@FakeWIPCaller's Ten Best (And Ten Worst) Philadelphia Sports Moments of 2013

@FakeWIPCaller's Ten Best (And Ten Worst) Philadelphia Sports Moments of 2013

The year 2013 got off to a pretty good start for Philadelphia sports fans, with the firing on New Years' Eve of Andy Reid. Unfortunately, nothing else good happened for quite awhile, with the Phillies, Sixers and Flyers all turning in awful seasons. It was another year without a local championship, just like all of them except for '80, '83 and '08.

But there were happy developments too, even a few that didn't involve Nick Foles. Here are the ten best and ten worst things that happened in local sports this year:

Best:

1. That Flyers line brawl, in which Ray Emery skated the length of the ice in order to deck the Capitals' goalie, hereby kicking off one of the best weeks in Philadelphia sports history. Emery should never have to buy a drink in this town again.

2. Chip Kelly's appearance at Wing Bowl. Sure, the season itself has been pretty exciting, too. But wasn't that just awesome?

3. Nick Foles' emergence as the best Eagles quarterback ever, or at least since Jeff Garcia.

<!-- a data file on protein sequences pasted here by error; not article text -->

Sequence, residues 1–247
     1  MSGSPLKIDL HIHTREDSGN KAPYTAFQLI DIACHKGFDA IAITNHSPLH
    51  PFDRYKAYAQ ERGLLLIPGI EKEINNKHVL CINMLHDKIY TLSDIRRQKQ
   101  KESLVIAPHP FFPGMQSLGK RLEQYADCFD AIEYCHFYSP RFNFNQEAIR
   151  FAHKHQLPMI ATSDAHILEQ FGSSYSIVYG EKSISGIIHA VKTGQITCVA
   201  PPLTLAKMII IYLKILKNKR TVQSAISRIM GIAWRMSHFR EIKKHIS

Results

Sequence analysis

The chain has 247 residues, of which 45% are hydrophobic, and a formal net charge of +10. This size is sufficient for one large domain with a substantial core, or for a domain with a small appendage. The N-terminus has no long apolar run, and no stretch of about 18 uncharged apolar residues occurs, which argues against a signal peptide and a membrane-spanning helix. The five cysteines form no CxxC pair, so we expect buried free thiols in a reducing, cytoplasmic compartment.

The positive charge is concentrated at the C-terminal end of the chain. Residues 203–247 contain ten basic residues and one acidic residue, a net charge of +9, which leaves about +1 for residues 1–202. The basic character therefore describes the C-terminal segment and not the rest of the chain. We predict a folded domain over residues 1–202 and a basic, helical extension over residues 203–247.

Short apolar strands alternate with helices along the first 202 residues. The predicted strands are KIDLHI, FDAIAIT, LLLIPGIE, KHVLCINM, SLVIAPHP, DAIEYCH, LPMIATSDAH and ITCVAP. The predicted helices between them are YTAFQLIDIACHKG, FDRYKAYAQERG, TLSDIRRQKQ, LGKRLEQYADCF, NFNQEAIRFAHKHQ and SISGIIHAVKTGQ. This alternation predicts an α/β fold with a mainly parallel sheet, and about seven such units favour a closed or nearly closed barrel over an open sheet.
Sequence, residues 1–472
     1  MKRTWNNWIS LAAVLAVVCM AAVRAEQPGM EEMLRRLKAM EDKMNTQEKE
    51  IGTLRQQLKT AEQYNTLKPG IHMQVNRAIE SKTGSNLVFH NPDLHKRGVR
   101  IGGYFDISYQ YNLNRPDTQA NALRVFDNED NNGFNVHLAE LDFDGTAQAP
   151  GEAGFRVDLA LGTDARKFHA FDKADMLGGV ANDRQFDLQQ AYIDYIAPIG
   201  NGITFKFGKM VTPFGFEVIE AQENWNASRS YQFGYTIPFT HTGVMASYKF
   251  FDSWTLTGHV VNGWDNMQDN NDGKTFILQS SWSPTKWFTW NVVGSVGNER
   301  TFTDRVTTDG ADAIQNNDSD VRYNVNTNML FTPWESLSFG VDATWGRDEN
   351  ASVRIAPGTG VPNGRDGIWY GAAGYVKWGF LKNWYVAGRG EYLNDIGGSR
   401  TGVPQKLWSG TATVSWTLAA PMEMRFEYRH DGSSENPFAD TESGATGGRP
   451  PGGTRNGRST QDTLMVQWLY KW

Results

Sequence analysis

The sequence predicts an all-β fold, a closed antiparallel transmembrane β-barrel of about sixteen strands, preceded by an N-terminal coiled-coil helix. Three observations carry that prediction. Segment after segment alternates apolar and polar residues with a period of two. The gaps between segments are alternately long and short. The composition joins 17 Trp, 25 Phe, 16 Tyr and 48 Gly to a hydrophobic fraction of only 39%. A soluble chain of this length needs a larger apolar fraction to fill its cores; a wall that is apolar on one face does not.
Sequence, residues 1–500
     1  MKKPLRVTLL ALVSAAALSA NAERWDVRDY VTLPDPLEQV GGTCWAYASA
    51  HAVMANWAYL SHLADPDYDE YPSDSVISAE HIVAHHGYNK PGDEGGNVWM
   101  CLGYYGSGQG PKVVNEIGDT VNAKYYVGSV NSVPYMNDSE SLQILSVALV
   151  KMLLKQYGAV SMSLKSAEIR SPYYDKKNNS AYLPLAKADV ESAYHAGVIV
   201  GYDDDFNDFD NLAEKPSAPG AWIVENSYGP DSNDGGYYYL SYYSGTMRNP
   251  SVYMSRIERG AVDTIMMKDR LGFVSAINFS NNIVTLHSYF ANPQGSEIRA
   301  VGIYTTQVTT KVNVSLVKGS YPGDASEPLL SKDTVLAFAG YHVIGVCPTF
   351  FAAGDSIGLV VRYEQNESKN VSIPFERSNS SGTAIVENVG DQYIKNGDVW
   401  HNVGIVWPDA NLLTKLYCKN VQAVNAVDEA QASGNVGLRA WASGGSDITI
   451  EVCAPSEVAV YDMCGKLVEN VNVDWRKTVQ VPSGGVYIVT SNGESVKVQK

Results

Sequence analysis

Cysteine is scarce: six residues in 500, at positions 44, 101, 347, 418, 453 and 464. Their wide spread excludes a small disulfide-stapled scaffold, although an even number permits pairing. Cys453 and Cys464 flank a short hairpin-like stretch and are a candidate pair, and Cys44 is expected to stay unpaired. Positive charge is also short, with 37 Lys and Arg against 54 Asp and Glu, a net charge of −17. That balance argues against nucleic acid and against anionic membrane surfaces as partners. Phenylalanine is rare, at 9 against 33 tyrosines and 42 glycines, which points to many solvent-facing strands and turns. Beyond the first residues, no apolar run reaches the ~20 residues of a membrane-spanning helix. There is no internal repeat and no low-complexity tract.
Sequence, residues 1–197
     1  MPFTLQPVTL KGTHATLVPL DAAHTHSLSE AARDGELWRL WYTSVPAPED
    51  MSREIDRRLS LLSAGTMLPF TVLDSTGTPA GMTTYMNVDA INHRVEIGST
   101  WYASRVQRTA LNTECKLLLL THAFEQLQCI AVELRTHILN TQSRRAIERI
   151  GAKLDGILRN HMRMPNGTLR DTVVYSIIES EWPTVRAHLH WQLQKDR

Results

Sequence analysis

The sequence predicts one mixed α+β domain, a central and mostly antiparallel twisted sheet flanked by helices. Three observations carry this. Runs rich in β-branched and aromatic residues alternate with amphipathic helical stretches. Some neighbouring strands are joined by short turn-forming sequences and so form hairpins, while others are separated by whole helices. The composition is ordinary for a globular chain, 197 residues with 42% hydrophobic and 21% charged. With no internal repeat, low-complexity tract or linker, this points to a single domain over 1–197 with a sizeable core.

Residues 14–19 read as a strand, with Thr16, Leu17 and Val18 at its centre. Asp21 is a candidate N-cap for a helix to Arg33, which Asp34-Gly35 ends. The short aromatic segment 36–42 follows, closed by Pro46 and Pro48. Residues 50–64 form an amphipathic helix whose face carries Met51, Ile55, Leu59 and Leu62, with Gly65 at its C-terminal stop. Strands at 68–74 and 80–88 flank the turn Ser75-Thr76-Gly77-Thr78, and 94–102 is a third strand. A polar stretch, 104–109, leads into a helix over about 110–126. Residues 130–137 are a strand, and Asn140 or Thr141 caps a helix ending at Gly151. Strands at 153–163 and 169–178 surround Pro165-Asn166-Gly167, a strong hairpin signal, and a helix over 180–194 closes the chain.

4. Riley Cooper's complete and total redemption. After all those touchdowns, no one can ever say a bad word about him again.

5. No longer in Philadelphia: Andy Reid, Andrew Bynum, Nnamdi Asomugha,  Ilya Bryzgalov, Jason Babin, Juan Castillo, JIm Washburn, Delmon Young, Kwame Brown.

6. The Sixers finally discovered, years too late, that you have to lose to win.

7. The Redskins and Giants both suffered major, highly embarrassing franchise collapses. Your turn, Cowboys.

8. Chase Utley finally wrote back to Mac.

9. Bernie Parent's surprising emergence as America's leading sex advice columnist.

10. This.

And the worst:

1. The Eagles retiring Donovan McNabb's number. A.J. Feeley was much more deserving.

2. Sam Hinkie's outrageous refusal to give talk radio interviews during the offseason.

3. Sports Illustrated putting Nick Foles on the cover. It's like they're trying to destroy us on purpose.

4. The Sixers hiring a new coach without even considering Allen Iverson.

5. Ilya Bryzgalov giving an interview in which he praised Stalin and, even worse, criticized Philadelphia.

6. The Phillies, continuing to hang on to their own expensive veteran players and not even lifting a finger to sign away other teams' expensive veteran players.